Two non-governmental organizations are reporting an increase in the number of people who are seeking assistance through their various programmes.
However, a decrease in donations for one of those organizations has forced its management to reexamine some of its programmes.
Andrea Taylor, president of the Young Women’s Christian Association (YWCA), said while most of the donors were still faithfully contributing to the organization, the donation had dwindled over time.
This, she told reporters, made it increasingly difficult for the YWCA to continue its Breakfast Club school programme in the way it would like. Taylor pledged however, that the association would “continue to support the children for as along as we can and as best as we can”.
“We have seen a decline at the YWCA in the amount of sponsorship we are receiving, both financially and in product,” reported Taylor.
“We are seeing more children, more numbers coming through our satellite offices and by extension, our general location at the YWCA. What we have done we have been able to streamline our menu,” she said.
Taylor was speaking to the media following a donation by the Sandals Foundation to the St Dominic’s Roman Catholic Church’s Care Ministry Breakfast programme today. That programme provides food for about 100 children daily at two Christ Church schools.
Taylor said with regard to the Breakfast Club, the organization had to “revised the menu options and make sure we are a bit more flexible in order to facilitate those children”.
The YWCA also provides assistance in the areas of sewing, gardening, cooking and reading. Taylor said those programmes were put “on hold” for now.
“We are analyzing now what we should be giving as an organisation because we just went through our strategic planning session and we are looking at the needs assessment of the community. We did a walk through for the domestic violence 16 days of activism where we identified and spoke to a number of persons, over 1,000 people. We are working with that data to create the environment and platform and programmes that are need for those persons,” said Taylor, while expressing thanks to the Sandals Foundation for its assistance.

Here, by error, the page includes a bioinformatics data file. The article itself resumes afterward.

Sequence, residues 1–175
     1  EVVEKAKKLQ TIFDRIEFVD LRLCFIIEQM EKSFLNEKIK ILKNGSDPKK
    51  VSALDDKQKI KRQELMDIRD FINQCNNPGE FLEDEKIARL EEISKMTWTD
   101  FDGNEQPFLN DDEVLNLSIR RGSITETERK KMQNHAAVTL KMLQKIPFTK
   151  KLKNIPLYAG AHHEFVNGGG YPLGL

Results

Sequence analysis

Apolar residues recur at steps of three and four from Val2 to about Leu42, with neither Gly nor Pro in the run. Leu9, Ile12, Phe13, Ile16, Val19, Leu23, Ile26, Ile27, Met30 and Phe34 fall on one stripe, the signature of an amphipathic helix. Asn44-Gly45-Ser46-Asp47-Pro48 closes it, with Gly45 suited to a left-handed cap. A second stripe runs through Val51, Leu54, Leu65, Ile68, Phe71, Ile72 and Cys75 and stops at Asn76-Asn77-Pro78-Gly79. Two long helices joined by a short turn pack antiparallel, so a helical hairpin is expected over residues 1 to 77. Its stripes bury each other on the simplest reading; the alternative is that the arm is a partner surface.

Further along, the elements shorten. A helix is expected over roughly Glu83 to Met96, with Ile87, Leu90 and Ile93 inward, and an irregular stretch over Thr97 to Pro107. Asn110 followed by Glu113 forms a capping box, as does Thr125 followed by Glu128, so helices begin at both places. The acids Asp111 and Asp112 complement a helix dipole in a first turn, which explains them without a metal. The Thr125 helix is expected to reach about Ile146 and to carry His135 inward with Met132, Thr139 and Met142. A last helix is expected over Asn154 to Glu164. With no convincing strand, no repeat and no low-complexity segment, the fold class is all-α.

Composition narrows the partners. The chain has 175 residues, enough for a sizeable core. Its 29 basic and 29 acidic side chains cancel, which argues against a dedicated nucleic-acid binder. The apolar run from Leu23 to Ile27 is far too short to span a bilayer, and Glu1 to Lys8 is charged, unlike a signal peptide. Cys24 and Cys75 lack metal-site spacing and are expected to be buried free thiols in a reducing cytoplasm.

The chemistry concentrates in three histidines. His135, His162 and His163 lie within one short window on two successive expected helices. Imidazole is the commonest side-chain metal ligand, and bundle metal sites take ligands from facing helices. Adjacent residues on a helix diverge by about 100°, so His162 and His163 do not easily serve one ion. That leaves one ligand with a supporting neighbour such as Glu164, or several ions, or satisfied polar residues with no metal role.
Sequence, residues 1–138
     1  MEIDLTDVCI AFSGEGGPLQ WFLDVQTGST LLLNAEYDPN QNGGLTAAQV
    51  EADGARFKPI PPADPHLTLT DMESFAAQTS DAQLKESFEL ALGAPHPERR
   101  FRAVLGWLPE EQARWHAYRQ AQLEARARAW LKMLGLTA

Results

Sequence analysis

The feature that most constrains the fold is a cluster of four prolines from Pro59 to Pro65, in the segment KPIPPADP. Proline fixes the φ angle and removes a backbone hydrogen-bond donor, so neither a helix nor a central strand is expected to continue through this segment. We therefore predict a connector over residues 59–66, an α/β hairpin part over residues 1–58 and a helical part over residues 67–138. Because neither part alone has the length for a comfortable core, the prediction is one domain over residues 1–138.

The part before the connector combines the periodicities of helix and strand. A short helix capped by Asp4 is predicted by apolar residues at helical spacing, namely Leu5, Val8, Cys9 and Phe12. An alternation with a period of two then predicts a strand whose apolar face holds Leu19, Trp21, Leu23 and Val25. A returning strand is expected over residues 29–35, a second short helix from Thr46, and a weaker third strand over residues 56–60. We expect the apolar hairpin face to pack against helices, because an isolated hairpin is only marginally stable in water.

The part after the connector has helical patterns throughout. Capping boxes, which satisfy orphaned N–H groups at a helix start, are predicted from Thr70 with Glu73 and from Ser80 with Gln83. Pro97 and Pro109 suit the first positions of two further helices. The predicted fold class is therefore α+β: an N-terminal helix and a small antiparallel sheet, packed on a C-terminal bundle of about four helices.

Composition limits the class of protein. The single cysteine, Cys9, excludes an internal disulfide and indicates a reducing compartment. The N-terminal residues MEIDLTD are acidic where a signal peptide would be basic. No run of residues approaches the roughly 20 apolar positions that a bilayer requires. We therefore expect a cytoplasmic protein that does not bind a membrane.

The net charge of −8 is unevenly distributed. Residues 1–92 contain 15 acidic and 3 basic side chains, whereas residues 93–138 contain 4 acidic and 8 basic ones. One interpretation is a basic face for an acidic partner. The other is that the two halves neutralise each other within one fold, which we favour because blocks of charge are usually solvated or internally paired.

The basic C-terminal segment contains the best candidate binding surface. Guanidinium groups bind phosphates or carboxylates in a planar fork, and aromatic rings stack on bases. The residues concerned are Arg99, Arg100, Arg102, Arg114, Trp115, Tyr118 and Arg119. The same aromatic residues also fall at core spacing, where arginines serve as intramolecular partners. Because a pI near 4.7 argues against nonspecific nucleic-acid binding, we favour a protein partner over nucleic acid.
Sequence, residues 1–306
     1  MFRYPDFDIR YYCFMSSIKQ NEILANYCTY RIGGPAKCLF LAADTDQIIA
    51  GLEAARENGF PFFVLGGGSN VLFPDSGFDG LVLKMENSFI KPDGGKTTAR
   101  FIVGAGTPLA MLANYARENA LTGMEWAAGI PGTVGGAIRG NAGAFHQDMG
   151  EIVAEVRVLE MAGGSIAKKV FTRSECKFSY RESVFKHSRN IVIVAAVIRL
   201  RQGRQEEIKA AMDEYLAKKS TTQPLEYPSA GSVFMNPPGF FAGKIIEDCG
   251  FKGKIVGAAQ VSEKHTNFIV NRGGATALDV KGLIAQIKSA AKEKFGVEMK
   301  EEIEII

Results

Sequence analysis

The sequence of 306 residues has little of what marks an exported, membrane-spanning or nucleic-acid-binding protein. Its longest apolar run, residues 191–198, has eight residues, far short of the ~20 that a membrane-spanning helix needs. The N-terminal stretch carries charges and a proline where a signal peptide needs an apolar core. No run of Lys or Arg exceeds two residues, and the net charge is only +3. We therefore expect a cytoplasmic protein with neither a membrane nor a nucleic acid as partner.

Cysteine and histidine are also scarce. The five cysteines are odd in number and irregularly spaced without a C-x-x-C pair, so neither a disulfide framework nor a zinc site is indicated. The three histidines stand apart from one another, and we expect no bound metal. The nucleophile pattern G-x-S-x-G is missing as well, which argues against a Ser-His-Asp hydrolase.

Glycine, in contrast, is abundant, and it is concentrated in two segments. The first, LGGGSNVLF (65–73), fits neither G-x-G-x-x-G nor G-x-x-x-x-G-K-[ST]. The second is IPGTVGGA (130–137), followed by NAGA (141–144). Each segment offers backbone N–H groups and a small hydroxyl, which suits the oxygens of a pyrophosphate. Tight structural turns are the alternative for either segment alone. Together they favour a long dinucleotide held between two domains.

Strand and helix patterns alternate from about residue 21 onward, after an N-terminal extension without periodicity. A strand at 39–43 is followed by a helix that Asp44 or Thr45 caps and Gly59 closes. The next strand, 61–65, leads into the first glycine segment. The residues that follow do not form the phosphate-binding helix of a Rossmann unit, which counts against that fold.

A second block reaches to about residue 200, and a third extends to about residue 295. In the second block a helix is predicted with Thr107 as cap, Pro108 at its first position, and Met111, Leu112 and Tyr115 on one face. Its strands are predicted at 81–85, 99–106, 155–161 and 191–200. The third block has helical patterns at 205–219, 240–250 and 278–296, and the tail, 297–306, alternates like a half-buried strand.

Meanwhile, Lynette Andrew, coordinator and founder of the St Dominic’s Roman Catholic Church’s Care Ministry programmes, said they were also seeing an increase in the number of people coming for assistance.
Besides the Breakfast Club for schools, the Care Ministry programmes include employment support and counselling.
Andrew said most of the people they were helping were not members of the church, and the increase has been for the counselling and feeding programmes. She said, however, the organization was anticipating “a spike” in the number of people coming forward for help especially for the unemployment programme.
“What we may have to is plan some workshops rather than have people come to us individually. So we may have to put on some workshops to assist people in terms of their skills in looking for job, interviewing and doing their resume and what to do when you are unemployed,” explained Andrew.
She said over the last year they have been able to find temporary employment for four people, half the number of people who sought assistance from that organization in finding jobs.